TI's OMAP2420 stand-alone application processor is the first device in the marketplace to leverage the ARM11 micro-architecture and is TI's second generation of OMAP processors to use 90-nanometer technology. The OMAP2420 chip includes an ARM1136JS-F core, a TI programmable audio DSP, a TI imaging and video accelerator (IVA), a 2D/3D graphics accelerator offering up to 2 million polygons per second, integrated camera interface, M-Shield hardware-based security solution and more. The OMAP2420 processor is powering handsets on the market today.
Source: Texas Instruments
The majority of leading motherboard manufacturers are already finishing their work on products based on Intel P965 (Broadwater P) that is to be officially announced by Intel early in June. As you remember, Broadwater (P965 and G965) chipsets support Intel's next-generation processors with Core architecture, including Conroe, and are designed for masses. G965 (with DirectX 10 based integrated graphics) is to be released later, in Q3 2006, since it's graphics core is still under development.
Our colleagues from HKEPC managed to have a look at an engineering sample of an Intel P965 board by ECS, the P965-A. It supports 1066MHz FSB (266MHz x 4) and DDR2-800 memory. Its circuitry meets the VRM11 specs and the board is able to power Conroe CPUs, including the Extreme Editions. P965-A features a single PCI Express x16 slot, a single PCI Express x4 slot, a couple of PCI Express x1 slots, and three PCI slots.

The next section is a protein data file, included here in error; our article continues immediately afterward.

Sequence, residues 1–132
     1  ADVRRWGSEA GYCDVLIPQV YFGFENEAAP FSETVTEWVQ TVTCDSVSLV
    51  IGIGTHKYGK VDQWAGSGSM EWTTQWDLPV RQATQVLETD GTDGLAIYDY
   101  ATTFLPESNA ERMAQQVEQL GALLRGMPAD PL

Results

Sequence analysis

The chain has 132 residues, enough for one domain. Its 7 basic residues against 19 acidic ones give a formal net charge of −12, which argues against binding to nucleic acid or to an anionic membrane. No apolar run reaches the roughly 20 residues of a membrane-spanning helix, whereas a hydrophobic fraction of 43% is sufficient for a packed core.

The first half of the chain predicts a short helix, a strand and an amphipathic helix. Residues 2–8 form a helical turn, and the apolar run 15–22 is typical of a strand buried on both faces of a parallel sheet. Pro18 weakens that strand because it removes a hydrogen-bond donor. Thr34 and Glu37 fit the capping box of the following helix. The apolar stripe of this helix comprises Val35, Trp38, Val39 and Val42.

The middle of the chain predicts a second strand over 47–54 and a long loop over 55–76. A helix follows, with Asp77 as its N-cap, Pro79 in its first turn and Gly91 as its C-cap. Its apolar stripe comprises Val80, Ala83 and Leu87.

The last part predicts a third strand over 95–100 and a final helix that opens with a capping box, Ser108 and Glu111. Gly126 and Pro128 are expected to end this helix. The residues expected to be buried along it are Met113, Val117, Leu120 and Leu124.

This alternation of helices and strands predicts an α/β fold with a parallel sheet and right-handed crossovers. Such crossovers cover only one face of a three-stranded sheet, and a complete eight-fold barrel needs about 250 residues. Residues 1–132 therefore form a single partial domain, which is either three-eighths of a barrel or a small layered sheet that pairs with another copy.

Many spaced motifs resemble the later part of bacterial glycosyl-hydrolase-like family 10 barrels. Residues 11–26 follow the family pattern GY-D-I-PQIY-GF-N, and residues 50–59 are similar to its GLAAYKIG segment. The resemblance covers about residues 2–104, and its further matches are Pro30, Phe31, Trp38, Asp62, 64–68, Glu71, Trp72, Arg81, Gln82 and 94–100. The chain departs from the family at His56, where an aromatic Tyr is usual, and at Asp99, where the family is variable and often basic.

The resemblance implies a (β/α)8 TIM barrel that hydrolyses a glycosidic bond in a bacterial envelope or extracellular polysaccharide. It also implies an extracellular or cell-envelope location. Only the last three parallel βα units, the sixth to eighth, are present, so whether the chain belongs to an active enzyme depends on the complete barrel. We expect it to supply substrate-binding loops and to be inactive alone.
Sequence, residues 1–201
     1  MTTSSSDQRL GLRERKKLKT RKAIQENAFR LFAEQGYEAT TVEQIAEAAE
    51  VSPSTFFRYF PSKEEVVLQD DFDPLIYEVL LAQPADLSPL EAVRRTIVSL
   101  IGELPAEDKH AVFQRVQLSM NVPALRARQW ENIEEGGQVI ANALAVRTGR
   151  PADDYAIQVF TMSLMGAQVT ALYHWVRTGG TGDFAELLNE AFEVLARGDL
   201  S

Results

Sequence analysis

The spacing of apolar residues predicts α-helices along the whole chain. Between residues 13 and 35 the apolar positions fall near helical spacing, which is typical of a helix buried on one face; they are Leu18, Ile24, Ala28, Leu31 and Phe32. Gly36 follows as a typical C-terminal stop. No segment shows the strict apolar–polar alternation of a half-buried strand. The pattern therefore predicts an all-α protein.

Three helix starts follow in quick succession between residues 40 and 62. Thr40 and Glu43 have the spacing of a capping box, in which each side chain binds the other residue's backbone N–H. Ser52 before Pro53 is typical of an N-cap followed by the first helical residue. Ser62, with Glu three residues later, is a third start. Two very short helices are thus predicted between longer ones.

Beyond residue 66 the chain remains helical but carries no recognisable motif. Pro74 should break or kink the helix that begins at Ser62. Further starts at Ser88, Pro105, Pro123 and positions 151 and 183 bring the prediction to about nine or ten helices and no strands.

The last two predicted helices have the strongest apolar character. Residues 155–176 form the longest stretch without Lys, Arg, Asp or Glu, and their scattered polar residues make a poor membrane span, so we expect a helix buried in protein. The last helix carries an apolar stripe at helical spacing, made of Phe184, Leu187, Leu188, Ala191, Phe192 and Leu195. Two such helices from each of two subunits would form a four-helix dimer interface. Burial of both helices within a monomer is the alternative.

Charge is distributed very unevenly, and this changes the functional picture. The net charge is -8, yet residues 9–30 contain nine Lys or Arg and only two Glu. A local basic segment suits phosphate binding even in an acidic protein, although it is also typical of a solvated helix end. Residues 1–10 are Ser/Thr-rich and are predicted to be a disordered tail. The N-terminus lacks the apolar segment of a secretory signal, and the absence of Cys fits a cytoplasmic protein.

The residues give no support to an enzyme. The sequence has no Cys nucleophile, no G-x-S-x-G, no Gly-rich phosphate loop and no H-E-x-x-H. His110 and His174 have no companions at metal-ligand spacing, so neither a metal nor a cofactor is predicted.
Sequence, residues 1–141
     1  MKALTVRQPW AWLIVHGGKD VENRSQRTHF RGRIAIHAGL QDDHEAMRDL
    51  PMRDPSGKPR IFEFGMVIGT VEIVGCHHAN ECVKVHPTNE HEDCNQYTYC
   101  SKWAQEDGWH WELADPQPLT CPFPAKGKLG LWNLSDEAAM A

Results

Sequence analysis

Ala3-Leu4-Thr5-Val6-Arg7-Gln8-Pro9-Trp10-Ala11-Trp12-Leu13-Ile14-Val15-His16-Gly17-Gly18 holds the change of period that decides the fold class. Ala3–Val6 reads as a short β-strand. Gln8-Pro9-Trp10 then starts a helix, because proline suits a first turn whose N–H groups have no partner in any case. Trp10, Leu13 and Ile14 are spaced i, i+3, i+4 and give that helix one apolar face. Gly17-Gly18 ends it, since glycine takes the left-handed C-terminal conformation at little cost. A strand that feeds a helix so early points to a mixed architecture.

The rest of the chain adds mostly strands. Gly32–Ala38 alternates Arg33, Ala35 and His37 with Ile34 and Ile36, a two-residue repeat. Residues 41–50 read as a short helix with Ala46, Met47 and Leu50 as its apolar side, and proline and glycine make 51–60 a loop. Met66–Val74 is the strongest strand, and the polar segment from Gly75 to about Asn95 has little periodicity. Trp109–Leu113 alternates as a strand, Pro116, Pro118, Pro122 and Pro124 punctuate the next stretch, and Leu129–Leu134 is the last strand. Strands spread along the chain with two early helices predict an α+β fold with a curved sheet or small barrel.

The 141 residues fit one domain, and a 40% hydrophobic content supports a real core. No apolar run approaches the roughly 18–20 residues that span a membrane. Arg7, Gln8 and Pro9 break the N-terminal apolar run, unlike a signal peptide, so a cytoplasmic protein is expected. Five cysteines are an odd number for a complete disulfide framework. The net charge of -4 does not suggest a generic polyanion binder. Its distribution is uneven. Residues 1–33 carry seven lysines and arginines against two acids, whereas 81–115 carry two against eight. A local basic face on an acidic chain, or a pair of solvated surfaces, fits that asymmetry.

Also onboard: 10 x USB 2.0, 6 x SerialATA II, Intel Matrix Storage Technology (AHCI and RAID 0/1/5/10), and dual Gigabit Ethernet.
Since there's no Parallel ATA controller at all, we wonder what to do with existing optical drives, most of which have PATA interface. Perhaps, ECS will consider an additional IDE controller in the final modification.
Speaking of sound, ECS P965-A features the Realtek ALC885 codec, certified for Microsoft Vista Premium.